European Electricity Generation
Every month we update the story of electricity generation in Europe with the latest data from ENTSO-E and national TSOs. Scroll down to read through our analysis or
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Last updated on: 7 / 6 / 2021
The generation of electricity provides power to European homes, businesses and industry – but it also produces greenhouse gas emissions which contribute to global warming. The electricity transition is the pathway from carbon intensive to clean power, maintaining the provision of cheap and reliable electricity while removing the fossil fuel based generation that causes emissions. Europe is leading the way, but there is still too much coal and fossil gas on the grid, and certain countries have further to go than others.
The EU-27 as a whole has made good progress, generating more electricity from renewable than fossil fuels for the first time in 2020.
Renewable energy includes hydropower and bioenergy, but wind and solar are the least risky for the climate and should be the focus of efforts to increase renewable generation. You can toggle which generation source you want to see by clicking on the graph’s legend, and use the drop-down menu to view individual countries:
Meanwhile coal is in structural decline, compounded last year by the impact of Covid-19. While the early months of 2021 saw some recovery in coal generation, increasing wind and solar are expected to continue to take over. Last month coal made up only 11.8% of generation, down from 18.7% in the same month in 2018.
On the country level the story is not so simple. More wind and solar capacity is needed to replace coal and gas. Some countries have further to go than others.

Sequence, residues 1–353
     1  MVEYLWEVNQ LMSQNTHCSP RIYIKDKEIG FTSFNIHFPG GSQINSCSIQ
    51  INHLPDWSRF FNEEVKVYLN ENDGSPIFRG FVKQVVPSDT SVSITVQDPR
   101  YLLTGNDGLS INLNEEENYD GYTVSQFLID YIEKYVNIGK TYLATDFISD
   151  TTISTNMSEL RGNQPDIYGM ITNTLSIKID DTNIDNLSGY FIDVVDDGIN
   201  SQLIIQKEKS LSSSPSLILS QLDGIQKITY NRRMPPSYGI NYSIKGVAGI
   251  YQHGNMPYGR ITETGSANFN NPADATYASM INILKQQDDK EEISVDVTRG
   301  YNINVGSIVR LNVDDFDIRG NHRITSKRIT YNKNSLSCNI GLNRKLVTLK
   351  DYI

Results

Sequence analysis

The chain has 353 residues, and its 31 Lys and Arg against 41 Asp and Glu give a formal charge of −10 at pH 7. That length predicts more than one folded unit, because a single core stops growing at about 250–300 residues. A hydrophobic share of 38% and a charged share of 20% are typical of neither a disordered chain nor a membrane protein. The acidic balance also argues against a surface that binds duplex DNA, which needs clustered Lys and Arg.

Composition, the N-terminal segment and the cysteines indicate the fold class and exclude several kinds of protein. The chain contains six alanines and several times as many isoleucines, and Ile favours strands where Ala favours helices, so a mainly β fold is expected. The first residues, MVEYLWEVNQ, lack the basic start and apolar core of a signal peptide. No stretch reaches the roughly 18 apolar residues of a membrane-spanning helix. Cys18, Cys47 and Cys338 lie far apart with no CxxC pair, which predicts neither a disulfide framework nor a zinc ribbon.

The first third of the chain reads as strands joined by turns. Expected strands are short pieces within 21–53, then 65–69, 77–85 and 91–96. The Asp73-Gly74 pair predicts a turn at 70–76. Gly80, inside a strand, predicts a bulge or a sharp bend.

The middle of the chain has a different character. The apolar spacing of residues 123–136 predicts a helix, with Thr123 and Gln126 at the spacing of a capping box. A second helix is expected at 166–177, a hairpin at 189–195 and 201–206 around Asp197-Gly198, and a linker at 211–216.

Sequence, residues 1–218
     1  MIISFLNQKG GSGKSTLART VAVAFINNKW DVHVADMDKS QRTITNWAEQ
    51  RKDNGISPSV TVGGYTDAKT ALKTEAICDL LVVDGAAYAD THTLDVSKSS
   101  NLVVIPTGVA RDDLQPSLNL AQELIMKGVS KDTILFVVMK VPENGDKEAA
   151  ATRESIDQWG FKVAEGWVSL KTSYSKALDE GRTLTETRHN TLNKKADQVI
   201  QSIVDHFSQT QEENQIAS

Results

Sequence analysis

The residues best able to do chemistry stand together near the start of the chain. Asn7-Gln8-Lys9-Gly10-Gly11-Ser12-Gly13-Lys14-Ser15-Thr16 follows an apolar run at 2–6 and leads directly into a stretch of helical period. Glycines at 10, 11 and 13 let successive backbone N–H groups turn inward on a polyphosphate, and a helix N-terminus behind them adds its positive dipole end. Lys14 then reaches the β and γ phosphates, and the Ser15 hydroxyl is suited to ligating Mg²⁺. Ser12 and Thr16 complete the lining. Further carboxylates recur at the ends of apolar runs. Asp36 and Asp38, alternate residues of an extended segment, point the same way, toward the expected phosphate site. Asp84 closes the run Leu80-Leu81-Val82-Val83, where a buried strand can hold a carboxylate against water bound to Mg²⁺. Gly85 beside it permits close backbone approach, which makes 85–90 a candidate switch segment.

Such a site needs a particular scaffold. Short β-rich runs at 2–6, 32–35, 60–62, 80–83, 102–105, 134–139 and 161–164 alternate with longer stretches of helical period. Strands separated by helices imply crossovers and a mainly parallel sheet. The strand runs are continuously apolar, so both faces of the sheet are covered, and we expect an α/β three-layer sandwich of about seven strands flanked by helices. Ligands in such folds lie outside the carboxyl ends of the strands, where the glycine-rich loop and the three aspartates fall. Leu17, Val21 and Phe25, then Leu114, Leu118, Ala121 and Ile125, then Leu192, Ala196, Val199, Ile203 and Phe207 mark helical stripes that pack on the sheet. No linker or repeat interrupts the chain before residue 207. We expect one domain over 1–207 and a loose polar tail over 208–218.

Select “Zoom In” below to view individual countries in more detail:
So far this year the EU power sector has released 226 Million tonnes of CO2 by burning fossil fuels. Most of these emissions come from large countries that still generate a lot of electricity from coal. However, gas is also a fossil fuel. Countries like the UK that have almost completely phased out coal but still burn gas are continue to be major emitters.
Use the drop-down menu on the chart below to see how each country’s level of fossil fuel generation impacts their CO2 emissions:
In the last 12 months, most countries generated a higher proportion of their electricity mix from wind and solar than they did in 2018. The biggest improvement is in Estonia, where wind and solar have gained 12 points. Wind and solar are also rapidly replacing fossil fuels in Spain, Greece, and Ireland.
In May electricity consumption in the EU-27 was 5TWh lower than the same month in 2019, although 15TWh higher than May 2020, when most of Europe was locked down. Wind and solar each produced 5TWh more electricity than May 2019 or 2020. Meanwhile the carbon price has stayed high, above 50 Euros for most of the month. As a result fossil fuel generation was pushed out – gas and coal each produced 7.5TWh less than the same month in 2019. Gas dropped to the lowest level since April 2018, making up only 14% of production. Nuclear plant outages continue in France, with generation lower than the same month in 2019 by around 4TWh, as it has been since the beginning of the year.
While month to month the share of wind and solar is highly dependent on the weather, there is also structural growth. Good progress has been made in the last 3 years, with the EU-27 average share of wind and solar over the last 12 months higher than the annual average in 2018 by 4 points.
However some countries are still behind the EU average from 2018. Countries like Poland, Bulgaria and Czechia will need to catch up quickly if the EU is going to meet its climate targets.